Mr. Araya

Andres Araya

Managing Director

Abadia Retuerta LeDomaine, Spain

A consummate hotel executive with 25 years of experience with leading luxury hotels worldwide, Chilean-born Andrés Araya took the reins of Spain’s exclusive and historic Abadía Retuerta LeDomaine hotel in 2010. During the first two years, he guided the 900-year-old abbey through a sensitive restoration to convert it to a unique hotel, that earned it an award from the European Union for conserving cultural heritage, and committed to making LeDomaine a property that would be on the wish list of every discerning global traveler.

He opened the new hotel in March 2012 with the first complete butler service in Spain and in 2015 oversaw the addition of a spa that is among the best in Spain. As part of his F&B strategy to position LeDomaine as a world-class culinary destination, he partnered with one of the world’s superstar chefs, Spaniard Andoni Aduriz; within two years, in 2014, the hotel had earned a Michelin Star.

Today, LeDomaine is one of Spain’s most renowned properties, recognized as the country’s #1 hotel in several prestigious magazine and industry rankings, while the Abadía Retuerta wines have been recognized as being among the Top 100 Best in the World by Wine Spectator.

Mr. Araya’s distinguished career includes serving as managing director of internationally acclaimed, Five Diamond Las Ventanas al Paraiso in Los Cabos, Mexico, and holding executive positions with the Ajman Kempinski Hotel & Resort, United Arab Emirates; Conrad Cairo Hotel & Casino, Cairo, Egypt; St. Regis Aspen, Colorado; Sheraton María Isabel, México City, and The Palace of the Lost City, Sun City, South Africa.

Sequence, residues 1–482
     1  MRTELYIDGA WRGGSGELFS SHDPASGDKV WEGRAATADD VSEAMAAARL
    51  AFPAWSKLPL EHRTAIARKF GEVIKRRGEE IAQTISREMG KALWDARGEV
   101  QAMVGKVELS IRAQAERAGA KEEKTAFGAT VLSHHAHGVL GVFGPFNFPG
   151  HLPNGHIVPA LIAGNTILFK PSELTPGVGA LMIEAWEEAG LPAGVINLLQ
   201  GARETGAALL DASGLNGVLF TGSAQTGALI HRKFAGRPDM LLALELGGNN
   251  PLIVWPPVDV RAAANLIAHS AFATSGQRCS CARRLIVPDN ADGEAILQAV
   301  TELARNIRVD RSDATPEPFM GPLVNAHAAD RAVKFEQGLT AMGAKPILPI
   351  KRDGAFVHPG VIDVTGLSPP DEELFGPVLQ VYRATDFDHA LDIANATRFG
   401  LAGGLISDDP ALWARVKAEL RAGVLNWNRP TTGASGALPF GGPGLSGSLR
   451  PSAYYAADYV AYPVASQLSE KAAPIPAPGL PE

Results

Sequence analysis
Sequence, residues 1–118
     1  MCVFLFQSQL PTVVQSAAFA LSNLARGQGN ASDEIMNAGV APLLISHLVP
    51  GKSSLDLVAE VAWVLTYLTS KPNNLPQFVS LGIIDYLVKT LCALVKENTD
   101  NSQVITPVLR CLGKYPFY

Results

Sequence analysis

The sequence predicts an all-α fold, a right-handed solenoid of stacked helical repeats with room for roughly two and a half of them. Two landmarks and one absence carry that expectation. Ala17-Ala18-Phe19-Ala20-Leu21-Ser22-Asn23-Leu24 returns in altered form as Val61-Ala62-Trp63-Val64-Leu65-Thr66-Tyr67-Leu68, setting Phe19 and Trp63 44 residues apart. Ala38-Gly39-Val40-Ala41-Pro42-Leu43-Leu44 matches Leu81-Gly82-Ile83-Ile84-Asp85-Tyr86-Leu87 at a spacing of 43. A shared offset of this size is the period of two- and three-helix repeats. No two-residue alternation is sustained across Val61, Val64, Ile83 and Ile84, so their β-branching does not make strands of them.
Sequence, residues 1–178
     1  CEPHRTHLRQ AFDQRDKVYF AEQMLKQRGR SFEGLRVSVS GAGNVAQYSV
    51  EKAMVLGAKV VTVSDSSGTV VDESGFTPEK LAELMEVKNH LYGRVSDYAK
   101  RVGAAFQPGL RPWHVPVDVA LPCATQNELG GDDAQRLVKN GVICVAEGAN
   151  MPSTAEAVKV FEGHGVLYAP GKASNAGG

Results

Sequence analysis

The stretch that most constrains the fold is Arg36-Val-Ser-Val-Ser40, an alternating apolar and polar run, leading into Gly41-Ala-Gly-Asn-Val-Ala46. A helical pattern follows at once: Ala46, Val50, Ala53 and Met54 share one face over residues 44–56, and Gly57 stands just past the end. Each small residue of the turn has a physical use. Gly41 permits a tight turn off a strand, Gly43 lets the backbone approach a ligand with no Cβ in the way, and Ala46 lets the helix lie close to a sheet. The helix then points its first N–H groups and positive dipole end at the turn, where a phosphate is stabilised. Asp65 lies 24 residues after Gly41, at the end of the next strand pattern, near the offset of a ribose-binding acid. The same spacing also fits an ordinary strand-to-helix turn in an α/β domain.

Please visit http://www.ledomaine.es for more information.

Mr. Araya can be contacted at 34-983-680-368 or info@ledomaine.es

Coming Up In The April Online Hotel Business Review




Feature Focus
Guest Service: The Personalized Experience
In the not-too-distant future, when guests arrive at a hotel, they will check themselves in using a kiosk in the lobby, by- passing a stop at the front desk. When they call room service to order food, it will be from a hotel mobile tablet, practically eliminating any contact with friendly service people. Though these inevitable developments will likely result in delivered to their door by a robot. When they visit a restaurant, their orders will be placed and the bill will be paid some staff reduction, there is a silver lining – all the remaining hotel staff can be laser-focused on providing guests with the best possible service available. And for most guests, that means being the beneficiary of a personalized experience from the hotel. According to a recent Yahoo survey, 78 percent of hotel guests expressed a desire for some kind of personalization. They are seeking services that not only make them feel welcomed, but valued, and cause them to feel good about themselves. Hotels must strive to establish an emotional bond with their guests, the kind of bond that creates guest loyalty and brings them back time and again. But providing personalized service is more than knowing your guests by name. It’s leaving a bottle of wine in the room of a couple celebrating their anniversary, or knowing which guest enjoys having a fresh cup of coffee brought to their room as part of a wake-up call. It’s the small, thoughtful, personal gestures that matter most and produce the greatest effect. The April issue of the Hotel Business Review will document what some leading hotels are doing to cultivate and manage guest satisfaction in their operations.